The oil and gas industry was booming when Arv Breistøl was applying to study Petroleum Engineering and Applied Geophysics in university a decade ago. To him and to many of his peers, it was a safe and interesting industry and promised plenty of jobs. Since then, Arv has already watched two major downturns shake up the industry, but he is still confident that young, high performing talents can provide a greater impact in this industry than most elsewhere.
“A lot of my peers ended up leaving the industry after the 2014 oil price shock, taking jobs that leveraged similar skill sets in infrastructure and construction. But my interest was always in the combination of natural sciences and software technology, and to me, despite the uncertainty, oil and gas was still the right industry to be in,” Arv says.
Go Big or Go Home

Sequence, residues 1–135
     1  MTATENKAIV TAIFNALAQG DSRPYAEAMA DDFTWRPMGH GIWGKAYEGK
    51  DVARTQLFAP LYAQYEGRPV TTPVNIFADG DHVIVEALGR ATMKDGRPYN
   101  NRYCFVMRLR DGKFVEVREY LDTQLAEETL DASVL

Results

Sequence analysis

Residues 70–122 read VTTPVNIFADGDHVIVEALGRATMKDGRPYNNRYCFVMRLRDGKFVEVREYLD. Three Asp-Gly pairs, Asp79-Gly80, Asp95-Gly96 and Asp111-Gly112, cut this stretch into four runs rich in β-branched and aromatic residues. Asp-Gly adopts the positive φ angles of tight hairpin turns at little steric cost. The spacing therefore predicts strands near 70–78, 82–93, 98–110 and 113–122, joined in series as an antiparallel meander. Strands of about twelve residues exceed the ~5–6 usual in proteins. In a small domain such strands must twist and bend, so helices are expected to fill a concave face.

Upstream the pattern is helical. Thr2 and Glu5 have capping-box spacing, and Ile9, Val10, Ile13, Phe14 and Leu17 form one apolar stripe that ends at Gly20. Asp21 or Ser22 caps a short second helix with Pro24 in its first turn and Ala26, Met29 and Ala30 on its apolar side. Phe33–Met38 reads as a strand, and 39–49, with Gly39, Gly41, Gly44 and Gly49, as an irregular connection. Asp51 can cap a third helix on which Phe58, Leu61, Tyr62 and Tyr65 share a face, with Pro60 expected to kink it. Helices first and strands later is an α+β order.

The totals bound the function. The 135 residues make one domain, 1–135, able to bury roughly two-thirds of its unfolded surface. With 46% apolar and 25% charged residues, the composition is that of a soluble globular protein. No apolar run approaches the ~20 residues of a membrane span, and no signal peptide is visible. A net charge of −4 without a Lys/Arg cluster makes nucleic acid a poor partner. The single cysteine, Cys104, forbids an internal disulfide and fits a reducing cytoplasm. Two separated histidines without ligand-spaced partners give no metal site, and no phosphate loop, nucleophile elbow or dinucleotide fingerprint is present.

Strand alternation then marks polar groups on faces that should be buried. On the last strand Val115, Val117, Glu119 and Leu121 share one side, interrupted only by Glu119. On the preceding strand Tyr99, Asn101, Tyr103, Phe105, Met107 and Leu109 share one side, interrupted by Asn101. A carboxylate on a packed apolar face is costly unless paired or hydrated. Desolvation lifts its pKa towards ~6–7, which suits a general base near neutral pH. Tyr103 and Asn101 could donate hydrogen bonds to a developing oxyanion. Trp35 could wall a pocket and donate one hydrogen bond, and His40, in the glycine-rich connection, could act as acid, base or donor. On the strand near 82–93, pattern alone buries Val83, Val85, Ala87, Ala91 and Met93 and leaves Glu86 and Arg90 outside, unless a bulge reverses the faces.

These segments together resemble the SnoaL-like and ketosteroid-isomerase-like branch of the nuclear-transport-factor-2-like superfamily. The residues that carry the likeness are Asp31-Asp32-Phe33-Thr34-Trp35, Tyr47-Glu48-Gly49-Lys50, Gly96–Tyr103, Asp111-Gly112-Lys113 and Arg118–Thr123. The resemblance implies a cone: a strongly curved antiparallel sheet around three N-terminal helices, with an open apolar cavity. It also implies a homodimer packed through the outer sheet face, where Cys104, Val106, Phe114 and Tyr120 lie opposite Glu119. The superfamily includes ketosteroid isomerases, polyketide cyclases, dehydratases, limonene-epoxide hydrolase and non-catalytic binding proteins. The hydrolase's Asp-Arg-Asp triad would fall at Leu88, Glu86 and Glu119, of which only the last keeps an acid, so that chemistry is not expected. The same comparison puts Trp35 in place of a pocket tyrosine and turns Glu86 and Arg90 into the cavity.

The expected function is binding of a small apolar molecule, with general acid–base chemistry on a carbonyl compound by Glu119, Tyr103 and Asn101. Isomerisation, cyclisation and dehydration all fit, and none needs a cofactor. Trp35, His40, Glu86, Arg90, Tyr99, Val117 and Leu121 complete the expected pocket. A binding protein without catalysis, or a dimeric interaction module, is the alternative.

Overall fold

Arv always had a penchant for solving real-world industry problems. His choice of studies and internships while in school at NTNU in Trondheim brought him into the world of major energy service companies in data management and seismic, through internships and thesis collaboration. The further he developed in his studies, the more he saw that it would be more interesting to work on the product development side and solve some of the industry’s biggest problems.
After graduating, Arv was hired as the second employee in a small oil and gas software startup that developed an innovative seismic interpretation software product. The company quickly gained momentum and customer traction, and was in 2017 acquired by a venture capital company. “For a domain person like me, this was an extremely exciting position to land that early in my career. I got to both work on complex domain projects and be a part of building this product and company from the ground up,” he says.